differences between women and men”(Charlesworth 63). Feminist critics have
worked for women being treated “like men” in the public sphere while
not identifying this division itself as a fundamental barrier towards the
realization of women’s rights. This has been the approach of current
international human rights law, and this rationale underlies the majority of
the United Nations treaties on human rights including the International
Covenant on Civil Political Rights and the International Covenant on Economic,
Social and Cultural Rights. These documents imply that women must confront to
male models in order to fall under their protection (Charlesworth 64). However,
this approach does not address systemic issues of the gender division of power.
It reinforces the basic organization of society with male models imposed on
women. Charleworth argues that “The promise of equality as ‘sameness’ as 7
men only gives women access to a world already constituted”(Charlesworth
64). This vision gives women no voice in reconceptualizing rights to reflect
their own realities.

According to Charlesworth, “The fundamental problem
women face worldwide is not discriminatory treatment compared with men,
although this is a manifestation of a larger problem” ( Charlesworth 60).
The discrimination women face is based on powerlessness in both the public and
the private realms, and international human rights law instruments do nothing
to remedy this state of powerlessness (Charlesworth 60).

 

Women’s Rights and Post-Colonialism Most development
practitioners and scholars argue that human dignity is the undeniable right of
every person, and that violence against women denies women of that right. There
is dispute, however, over the best way to realize human dignity. While some
scholars and development institutions see human rights as an effective vehicle
toward human dignity, there is much debate about the effectiveness and
appropriateness of human rights as an international development tool. Some see
UN Conventions as a Western assumption that the Global South needs to be
governed by outside forces rather than depending on their own legal
institutions (Visweswaran, 2004). Women’s rights Conventions such as CEDAW are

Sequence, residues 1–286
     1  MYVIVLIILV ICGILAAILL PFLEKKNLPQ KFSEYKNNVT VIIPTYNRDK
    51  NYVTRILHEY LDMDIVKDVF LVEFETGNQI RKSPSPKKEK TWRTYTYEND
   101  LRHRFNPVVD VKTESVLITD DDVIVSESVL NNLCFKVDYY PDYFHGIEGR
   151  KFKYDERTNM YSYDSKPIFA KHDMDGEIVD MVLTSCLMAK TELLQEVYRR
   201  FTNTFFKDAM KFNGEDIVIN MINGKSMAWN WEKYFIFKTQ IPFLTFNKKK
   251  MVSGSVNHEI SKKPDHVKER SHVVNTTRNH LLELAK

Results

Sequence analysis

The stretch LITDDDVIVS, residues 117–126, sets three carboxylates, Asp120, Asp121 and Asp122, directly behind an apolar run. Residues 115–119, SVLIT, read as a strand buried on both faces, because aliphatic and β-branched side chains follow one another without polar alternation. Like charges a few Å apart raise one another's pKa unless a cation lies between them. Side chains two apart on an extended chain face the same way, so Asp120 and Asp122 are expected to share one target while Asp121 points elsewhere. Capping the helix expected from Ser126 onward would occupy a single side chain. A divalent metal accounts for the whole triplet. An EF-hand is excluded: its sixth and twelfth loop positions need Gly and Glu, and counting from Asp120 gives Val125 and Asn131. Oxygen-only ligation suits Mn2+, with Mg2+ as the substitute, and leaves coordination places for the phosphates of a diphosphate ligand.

seen as an extension of the colonial agenda that works to enlighten the South
where women are “victims of their culture” (Rajasingham, 1995; Coomaraswamy,
1995; Coomaraswamy, 2002). Women’s rights rhetoric, Visweswaran (2004) argues,
is used to reinforce West-South power dynamics: The language of universal human
rights works to recreate patterns of deviance which fall disproportionately
upon some nations or geographical areas and not others. Particular states then
assume certain identities, not as democracies or dictatorships, but as
bride-burners, honor-killers, or genital mutilators (p. 502). 2 In
Visweswaran’s view, the West is therefore not only creating the standards of
human dignity, but is also painting a picture of a world where the South plays
the deviant to the West’s normative regulation. The rich feminist activism that
does exist in South Asia is thereby dismissed by rights language which measures
in universal standards and cannot see local level change as possible from the
deviant South. Escobar (1995) illustrates this point in his writing when he
distinguishes between “First World feminists” and “Third World women”
discounting the existence of feminists in the developing world. Rajasingham and
Visweswaran highlight some of the more acerbic sentiments toward the West in
their own implicit skepticism of the West’s perspective of South Asia.
Rajasingham (1995) continues the argument by stating that the West victimizes
South Asian women while claiming that gender equality is a Western conception
and “a mark of civilizational superiority” (p. 243). Escobar questions this same
point, when he wonders if the participation of women in developing countries
within the current patriarchy, “entails a certain idea of ‘liberation’ for
women in the South” (p. 188). Here, he points to the Western “liberation,” or
rights Conventions, falsely unifying women while helping to liberate women in
the South. Coomaraswamy (1995) expresses concern over this inevitable
association of women’s rights Conventions coming out of the West with an
“imposition of the western colonial project” (p. 215). She feels that this
overarching skepticism of the Western agenda can give language and credence to
fundamentalist movements in Asia that would further suppress women’s rights.
Due to her perception of the intrinsic value in a “strong human rights
tradition,” Coomaraswamy struggles to offer a solution to this dilemma (p.
216). Her solution is an appeal to move beyond merely the question of violence
against women and broaden the cause as a fight for universal human rights and
dignity. This opens a further debate between the universalism of human rights,
and the right to national sovereignty and freedom from pressures from
international rights norms and their underlying Western assumptions.
Rajasingham (1995) posits that this universalism can “flatten” diverse female
identities and cultural distinctions that women choose to preserve.

 

OBJECTIVE

The
main objective of this research is to see the ratio of postgraduate women
having knowledge and awareness about their legal rights which are given to them
by the state and Islam. In Pakistan most of the women having higher education
are considered as women fully aware to women rights therefore to check the
validity of the truth of this consideration one must have to see the facts and